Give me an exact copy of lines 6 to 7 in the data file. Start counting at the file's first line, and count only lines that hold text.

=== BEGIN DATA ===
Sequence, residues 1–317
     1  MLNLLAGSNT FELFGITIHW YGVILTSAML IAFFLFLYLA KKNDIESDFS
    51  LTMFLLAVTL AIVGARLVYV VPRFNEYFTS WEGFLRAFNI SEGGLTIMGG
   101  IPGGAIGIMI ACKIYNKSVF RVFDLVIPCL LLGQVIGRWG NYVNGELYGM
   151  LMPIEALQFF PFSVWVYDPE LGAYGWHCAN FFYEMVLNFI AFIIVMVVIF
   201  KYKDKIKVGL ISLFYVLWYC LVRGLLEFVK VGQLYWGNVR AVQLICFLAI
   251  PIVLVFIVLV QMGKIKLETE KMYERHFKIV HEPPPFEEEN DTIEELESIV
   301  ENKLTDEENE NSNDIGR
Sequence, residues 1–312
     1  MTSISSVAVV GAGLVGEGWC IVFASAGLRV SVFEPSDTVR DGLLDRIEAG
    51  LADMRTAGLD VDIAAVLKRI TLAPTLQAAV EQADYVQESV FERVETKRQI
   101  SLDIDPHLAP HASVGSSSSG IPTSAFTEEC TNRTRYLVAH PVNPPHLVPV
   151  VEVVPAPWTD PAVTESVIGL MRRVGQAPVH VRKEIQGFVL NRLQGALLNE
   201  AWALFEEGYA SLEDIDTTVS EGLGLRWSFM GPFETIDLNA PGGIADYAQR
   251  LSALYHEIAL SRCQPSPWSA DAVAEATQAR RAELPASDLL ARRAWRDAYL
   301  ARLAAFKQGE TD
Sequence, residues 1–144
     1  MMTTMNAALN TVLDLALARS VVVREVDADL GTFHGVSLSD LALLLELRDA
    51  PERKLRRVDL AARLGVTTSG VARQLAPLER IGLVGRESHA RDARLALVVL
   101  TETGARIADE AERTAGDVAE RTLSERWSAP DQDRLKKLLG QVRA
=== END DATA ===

   201  KYKDKIKVGL ISLFYVLWYC LVRGLLEFVK VGQLYWGNVR AVQLICFLAI
   251  PIVLVFIVLV QMGKIKLETE KMYERHFKIV HEPPPFEEEN DTIEELESIV